591. An Important Papal Horizontal Dial, dated 1591 
Attributed to Carlo Plato, Rome. Dated MDXCI [1591].
With the engraved name and coat of arms of Pope Clement VIII.
Gilt brass. Total width 26, Height 11.5 cm.

SEK 1.500.000 – 2.000.000      142.000 – 189.000 

In original leather case with papal insignia.

Pope Clement VIII (1536-1605), according to the engraving.
Later in the collection of the noble family Leijonhufvud, Göksholm castle, Sweden.

In the Italian states during the sixteenth century, the business for scientific instrument makers flourished with products often rivalling those of the prolific centres of scientifica manufacturing in central Europe. Italian artisans and families of scientific instrument makers were either independent or, more often, in the service of princely families such as the Medicis, and emphasis laid on astronomical instruments, especially before the sixteen hundreds. Well-known examples from Tuscany include Giovanni Battista Giusti, the Della Volpaia family, and the cartographer Stefano Buonsignori who completed the Sala delle Carte Geografiche [Map Room] in the Palazzo Vecchio in Florence.

Roman commissioning culture was at the time more centered around ecclesiastic power, and high-level instrument makers were most often connected to the Pope or the grand families with papal interests. It was in this milieu Carlo Plato worked. Biographical data on him are scarce, but from his few signed instruments we learn that he was active in Rome during the last decades of the 16th century. He made elaborate and very ornate astronomical and time-measuring instruments, such as armillary spheres and sundials.

The instrument is composed of a disc engraved with different sets of dials, suspended in a two-tiered octagonal stand. The disc can swivel between its two horizontal positions to expose different sets of dials to the sun, and further holds a gimballed compass to assist in orienting the instrument. The disc is locked in place via a hasp on the underside of the stand’s top tier.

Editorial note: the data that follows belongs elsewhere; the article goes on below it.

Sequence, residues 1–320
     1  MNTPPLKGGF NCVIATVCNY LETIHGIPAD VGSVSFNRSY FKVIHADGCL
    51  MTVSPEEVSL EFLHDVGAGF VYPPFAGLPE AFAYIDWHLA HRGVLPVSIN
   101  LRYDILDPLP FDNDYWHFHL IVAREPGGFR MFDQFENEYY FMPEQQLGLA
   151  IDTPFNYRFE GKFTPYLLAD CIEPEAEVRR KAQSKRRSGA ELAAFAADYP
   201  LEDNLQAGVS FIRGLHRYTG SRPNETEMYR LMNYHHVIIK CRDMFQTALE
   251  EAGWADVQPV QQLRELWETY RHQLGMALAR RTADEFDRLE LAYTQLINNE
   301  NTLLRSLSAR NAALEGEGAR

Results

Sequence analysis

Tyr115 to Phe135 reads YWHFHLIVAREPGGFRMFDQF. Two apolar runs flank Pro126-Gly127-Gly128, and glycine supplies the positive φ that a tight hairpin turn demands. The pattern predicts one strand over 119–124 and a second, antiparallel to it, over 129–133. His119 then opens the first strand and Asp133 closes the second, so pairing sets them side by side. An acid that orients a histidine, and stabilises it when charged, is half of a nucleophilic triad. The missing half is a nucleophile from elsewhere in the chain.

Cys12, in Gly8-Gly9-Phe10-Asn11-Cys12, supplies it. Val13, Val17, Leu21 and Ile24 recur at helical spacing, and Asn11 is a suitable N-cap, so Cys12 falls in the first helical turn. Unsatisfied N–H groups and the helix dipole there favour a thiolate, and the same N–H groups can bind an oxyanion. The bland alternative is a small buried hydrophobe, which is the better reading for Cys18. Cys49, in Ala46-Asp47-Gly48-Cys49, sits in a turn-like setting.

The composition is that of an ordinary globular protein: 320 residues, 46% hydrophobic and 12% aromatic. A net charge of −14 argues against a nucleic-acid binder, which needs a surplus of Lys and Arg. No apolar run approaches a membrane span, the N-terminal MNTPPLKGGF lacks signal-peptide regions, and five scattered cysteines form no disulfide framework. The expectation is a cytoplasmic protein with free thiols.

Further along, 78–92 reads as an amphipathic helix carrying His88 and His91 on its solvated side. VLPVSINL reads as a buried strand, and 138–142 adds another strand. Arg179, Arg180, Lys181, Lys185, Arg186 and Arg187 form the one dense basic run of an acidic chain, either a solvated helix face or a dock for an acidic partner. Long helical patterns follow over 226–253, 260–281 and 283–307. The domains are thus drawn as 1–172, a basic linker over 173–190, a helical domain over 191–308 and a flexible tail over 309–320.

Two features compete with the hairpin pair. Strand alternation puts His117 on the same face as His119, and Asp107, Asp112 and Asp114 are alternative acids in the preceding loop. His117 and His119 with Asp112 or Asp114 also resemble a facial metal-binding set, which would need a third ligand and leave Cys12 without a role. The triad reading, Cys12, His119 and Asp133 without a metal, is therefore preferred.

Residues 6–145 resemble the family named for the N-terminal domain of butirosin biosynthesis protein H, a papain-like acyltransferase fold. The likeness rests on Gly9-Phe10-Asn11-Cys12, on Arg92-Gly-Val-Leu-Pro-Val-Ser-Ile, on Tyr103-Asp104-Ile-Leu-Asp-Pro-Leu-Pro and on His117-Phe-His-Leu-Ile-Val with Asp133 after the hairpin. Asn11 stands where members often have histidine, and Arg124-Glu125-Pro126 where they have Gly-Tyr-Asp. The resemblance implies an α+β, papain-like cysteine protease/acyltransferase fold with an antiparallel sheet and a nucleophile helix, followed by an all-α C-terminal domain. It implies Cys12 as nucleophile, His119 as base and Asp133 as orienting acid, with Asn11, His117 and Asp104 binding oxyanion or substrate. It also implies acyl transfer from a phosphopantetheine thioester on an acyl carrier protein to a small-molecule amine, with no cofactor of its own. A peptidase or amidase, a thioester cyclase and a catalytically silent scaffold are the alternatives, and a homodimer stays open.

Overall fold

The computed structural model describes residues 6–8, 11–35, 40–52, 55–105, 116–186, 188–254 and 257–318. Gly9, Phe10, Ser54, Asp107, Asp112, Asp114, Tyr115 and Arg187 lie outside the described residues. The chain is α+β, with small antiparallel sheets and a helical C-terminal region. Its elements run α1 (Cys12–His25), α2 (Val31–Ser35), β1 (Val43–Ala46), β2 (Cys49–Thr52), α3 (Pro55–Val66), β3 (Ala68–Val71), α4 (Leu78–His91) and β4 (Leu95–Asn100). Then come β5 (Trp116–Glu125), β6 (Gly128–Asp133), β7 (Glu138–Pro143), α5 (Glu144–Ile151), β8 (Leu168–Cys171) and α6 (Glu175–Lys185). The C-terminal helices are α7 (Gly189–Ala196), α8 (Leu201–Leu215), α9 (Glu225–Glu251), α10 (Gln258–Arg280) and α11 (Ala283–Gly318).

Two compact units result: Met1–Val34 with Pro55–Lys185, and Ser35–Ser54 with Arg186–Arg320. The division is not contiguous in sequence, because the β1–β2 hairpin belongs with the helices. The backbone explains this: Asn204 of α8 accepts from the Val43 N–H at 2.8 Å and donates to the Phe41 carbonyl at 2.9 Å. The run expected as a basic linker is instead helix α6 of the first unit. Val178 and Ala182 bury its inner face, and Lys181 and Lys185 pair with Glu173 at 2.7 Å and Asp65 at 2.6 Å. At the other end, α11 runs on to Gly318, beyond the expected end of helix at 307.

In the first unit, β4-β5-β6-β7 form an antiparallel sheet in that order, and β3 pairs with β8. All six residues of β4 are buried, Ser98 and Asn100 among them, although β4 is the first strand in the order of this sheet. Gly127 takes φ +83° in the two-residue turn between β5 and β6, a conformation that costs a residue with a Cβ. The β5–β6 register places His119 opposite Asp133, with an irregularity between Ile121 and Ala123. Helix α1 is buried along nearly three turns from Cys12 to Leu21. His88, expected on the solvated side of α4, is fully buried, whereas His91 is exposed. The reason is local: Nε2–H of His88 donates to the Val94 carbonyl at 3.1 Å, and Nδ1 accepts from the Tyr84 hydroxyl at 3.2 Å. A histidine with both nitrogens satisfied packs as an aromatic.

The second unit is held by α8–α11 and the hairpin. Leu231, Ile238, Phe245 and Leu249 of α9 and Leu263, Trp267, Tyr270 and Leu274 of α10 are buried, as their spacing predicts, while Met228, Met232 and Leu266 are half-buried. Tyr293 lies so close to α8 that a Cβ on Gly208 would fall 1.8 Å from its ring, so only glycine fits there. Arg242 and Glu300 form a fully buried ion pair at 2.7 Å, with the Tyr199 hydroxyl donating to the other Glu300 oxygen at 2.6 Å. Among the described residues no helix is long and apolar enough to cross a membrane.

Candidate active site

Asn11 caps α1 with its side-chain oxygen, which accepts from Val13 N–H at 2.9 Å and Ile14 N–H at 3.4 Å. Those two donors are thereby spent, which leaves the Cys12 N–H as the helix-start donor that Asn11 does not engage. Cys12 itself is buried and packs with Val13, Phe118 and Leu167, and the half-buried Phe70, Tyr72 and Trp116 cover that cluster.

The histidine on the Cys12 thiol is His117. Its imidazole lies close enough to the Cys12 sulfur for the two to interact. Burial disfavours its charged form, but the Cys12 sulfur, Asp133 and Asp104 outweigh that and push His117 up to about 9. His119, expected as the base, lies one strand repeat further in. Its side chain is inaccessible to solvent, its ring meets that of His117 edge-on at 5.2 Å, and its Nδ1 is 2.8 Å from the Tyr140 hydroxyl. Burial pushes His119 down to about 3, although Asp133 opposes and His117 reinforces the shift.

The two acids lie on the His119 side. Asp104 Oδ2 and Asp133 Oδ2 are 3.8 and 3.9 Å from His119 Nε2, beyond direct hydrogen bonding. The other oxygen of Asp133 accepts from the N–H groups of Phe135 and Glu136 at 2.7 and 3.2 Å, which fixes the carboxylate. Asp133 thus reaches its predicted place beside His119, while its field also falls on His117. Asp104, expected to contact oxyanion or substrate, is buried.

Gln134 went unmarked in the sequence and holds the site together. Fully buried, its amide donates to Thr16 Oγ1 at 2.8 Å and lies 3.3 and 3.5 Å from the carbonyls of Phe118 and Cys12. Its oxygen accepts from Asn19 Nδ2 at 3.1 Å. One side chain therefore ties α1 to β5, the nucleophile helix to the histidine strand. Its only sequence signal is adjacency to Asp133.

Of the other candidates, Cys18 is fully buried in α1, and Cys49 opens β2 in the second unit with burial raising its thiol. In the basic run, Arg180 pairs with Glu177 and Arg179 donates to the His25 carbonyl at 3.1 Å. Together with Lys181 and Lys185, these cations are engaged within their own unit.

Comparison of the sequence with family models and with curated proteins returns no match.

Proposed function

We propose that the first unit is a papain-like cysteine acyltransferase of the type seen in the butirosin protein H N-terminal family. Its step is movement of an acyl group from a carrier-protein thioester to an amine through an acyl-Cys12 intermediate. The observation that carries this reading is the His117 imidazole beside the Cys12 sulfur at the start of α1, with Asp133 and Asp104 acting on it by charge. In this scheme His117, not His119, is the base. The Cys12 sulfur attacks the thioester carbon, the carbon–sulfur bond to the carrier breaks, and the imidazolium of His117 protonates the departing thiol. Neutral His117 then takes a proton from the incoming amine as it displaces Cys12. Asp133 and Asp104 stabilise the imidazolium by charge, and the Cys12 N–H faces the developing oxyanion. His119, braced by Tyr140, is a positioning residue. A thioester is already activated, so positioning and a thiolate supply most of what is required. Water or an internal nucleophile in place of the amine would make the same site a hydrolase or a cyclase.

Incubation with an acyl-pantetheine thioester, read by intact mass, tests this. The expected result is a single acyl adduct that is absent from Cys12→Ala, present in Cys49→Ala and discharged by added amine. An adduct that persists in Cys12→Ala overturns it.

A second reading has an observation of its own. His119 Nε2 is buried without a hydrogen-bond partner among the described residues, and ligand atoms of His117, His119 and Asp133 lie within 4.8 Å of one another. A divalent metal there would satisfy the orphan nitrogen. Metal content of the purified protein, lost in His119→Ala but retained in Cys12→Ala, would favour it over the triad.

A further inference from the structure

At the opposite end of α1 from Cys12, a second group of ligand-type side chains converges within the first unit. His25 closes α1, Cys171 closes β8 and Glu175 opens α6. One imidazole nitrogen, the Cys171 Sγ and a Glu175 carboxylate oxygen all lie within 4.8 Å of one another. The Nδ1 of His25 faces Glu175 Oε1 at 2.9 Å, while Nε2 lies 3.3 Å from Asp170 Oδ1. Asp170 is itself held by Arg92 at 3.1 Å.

Side A – Most notable on this side is the  papal coat of arms with the escutcheon of Pope Clement VIII, juxtaposed by a text scroll flanking the pivoted compass that reads ”CLEMENS VIII *P*O*MAX” (most likely for ”Pontifex Optimus Maximus”, although ”Optimus” was rarely used in regard of popes). The coat of arms is flanked by the text ”Elevatio Poli XLII Gradvv”, and in the centre is the main dial graded 10–23 with continuous lines divided by punctuated lines. The gnomon is placed somewhat off-centre, and the disc’s edge is circumscribed with a 360 degree scale, subdivided by singular degrees.

Side B – This side provides three independant dials, each with its own gnomon. Opposite the compass are the Astronomical hours scale (Horæ Astronomice),
numbered I to XII to VII. To the left of the centre is the Planetary hours scale (Horæ Planetariæ Sive Canonicæ), numbered 1–11, and to the right, the Babylonian hours (Horæ Babilonicæ Sive Ab Ortv), numbered 1‑14. The edge is further inscribed with ”Ad Polvm XLII Gradvvm” and a text scroll that reads ”ROMÆ ANNO DOMINI *M*D*XCI”.

Compass – The compass housing is circular and covered with glass. It is inscribed with the initials of the names of the winds and the domed bottom of the compass is weighted so that it remains horizontal when turning the dial.

Stand – The stand is a two-tiered octagonal structure, joined by eight Doric pillars standing on eight semi-spherical feet. The bottom tier is decorated with engraved flowers and paired cornucopias, while the top-tier is engraved with a calendar and zodiacal signs, along with the names of the twelve classical winds and cardinal points on the limb: